San Francisco is a center of innovation and deserves a state-of-the-art next-generation mobile broadband network to meet the needs of its tech savvy residents and businesses. As home to hundreds of high tech businesses and data-hungry consumers, San Francisco’s residents demand more from their networks.

San Francisco’s topography presents challenges for wireless signals. Several factors — including hills, trees and buildings in the area — affect how wireless signals travel.

FAQ’s

What is a DAS and how does it work?

A Distributed Antenna System, or DAS, is a network of smaller, spatially separated antenna nodes connected to the communications network.

A DAS network splits the transmitted signal among several smaller antennas to provide coverage and reliability over the same area as a single cell tower antenna. DAS networks are effective in areas with difficult topography, structural impediments (e.g. buildings, or within buildings), or in locations where, for a variety of reasons, it is not optimal to build a traditional macro site.

Why DAS?

Microcell antennas of a DAS network are significantly smaller than the macrocell antenna of a cell tower, and its footprint is much smaller. A DAS allows for more widespread coverage because several sites can be deployed to more effectively cover an area of varied topography or large edifices.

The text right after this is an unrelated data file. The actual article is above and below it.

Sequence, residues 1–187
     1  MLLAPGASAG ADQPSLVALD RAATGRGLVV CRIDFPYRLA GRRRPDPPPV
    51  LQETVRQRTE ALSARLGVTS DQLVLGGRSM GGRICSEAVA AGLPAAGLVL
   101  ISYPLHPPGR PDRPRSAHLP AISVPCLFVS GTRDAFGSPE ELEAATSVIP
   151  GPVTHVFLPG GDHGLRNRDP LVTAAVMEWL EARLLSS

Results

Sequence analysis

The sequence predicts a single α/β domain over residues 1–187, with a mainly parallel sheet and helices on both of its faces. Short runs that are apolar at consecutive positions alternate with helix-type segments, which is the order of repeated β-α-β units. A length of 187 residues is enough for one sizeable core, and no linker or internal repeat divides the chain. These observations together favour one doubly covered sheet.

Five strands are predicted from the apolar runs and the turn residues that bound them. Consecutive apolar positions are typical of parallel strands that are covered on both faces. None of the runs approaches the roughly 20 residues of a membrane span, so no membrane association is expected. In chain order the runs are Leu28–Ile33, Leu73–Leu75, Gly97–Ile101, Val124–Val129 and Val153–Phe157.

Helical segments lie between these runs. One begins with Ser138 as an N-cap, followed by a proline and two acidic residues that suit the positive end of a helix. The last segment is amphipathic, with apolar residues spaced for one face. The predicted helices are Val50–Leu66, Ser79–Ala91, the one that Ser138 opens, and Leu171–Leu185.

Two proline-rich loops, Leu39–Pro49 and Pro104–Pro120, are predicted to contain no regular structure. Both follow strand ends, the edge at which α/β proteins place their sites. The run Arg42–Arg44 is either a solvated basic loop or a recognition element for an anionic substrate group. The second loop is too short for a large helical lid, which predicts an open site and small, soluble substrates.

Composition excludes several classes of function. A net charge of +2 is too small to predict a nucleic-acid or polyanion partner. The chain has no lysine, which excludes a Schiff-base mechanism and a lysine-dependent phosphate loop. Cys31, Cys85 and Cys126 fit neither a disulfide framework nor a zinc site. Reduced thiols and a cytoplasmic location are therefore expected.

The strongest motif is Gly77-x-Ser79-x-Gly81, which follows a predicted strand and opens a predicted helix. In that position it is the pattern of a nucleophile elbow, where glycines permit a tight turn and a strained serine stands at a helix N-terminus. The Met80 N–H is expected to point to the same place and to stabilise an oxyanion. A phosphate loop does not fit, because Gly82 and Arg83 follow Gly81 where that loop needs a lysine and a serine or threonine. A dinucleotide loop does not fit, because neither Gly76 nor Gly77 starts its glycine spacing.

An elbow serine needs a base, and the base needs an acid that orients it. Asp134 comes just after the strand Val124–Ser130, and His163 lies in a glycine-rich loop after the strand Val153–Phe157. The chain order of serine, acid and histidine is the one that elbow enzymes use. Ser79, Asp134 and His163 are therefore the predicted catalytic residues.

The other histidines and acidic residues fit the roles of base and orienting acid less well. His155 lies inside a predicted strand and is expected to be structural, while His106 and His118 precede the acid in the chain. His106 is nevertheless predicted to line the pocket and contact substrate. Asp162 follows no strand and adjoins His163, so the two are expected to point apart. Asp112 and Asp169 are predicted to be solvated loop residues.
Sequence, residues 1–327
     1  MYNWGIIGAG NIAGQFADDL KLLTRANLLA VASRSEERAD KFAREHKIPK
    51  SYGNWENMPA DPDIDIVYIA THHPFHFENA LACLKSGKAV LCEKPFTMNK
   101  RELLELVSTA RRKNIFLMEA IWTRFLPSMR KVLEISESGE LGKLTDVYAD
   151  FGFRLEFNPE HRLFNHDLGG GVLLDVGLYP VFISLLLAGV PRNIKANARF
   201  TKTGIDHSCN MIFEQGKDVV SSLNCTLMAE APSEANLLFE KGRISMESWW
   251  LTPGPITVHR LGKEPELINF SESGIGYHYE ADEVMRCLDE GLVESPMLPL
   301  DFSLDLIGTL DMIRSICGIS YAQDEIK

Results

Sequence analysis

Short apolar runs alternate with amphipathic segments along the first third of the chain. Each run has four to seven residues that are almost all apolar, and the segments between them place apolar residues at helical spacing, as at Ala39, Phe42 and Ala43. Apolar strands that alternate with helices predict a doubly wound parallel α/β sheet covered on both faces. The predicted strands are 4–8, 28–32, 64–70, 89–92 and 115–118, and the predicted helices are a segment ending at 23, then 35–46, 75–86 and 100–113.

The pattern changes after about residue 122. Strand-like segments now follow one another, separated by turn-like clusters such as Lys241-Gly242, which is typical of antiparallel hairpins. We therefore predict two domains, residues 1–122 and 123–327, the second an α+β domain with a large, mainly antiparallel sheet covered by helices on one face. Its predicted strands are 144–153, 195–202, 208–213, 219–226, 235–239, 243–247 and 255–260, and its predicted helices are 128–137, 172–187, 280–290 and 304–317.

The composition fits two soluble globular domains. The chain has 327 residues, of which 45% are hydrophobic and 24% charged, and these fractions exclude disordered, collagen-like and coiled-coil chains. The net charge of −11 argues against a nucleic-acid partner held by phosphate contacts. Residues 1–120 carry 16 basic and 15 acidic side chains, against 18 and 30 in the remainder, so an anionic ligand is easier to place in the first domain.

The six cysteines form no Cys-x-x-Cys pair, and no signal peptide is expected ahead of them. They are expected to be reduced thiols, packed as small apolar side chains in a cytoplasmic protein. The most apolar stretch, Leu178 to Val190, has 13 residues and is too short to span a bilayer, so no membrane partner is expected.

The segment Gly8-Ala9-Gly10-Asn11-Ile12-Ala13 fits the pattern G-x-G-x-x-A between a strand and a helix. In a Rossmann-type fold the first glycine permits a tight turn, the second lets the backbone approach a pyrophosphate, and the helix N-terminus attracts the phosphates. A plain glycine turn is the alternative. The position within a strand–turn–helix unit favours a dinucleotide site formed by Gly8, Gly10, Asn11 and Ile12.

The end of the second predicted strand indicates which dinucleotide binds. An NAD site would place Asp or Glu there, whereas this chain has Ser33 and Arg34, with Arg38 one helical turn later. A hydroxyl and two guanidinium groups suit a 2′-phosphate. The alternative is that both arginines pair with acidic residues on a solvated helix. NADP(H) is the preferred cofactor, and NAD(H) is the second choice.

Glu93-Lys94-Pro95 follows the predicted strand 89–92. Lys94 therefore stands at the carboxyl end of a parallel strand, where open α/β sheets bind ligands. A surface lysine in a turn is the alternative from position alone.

A DAS can provide multiple service platforms (mobile broadband, mobile radios, pagers PCS, UMTS) and is effective for public safety alert systems.

Why do we need a DAS and what will it do for me?

San Francisco’s unique topography, combined with its building density, pose a challenge to wireless network performance. Deploying a DAS network will increase network performance by providing greater coverage throughout the city and filling small gaps in existing coverage. AT&T’s DAS network will improve call quality and reliability while also supporting stronger signals, increased traffic and faster transfer of data.

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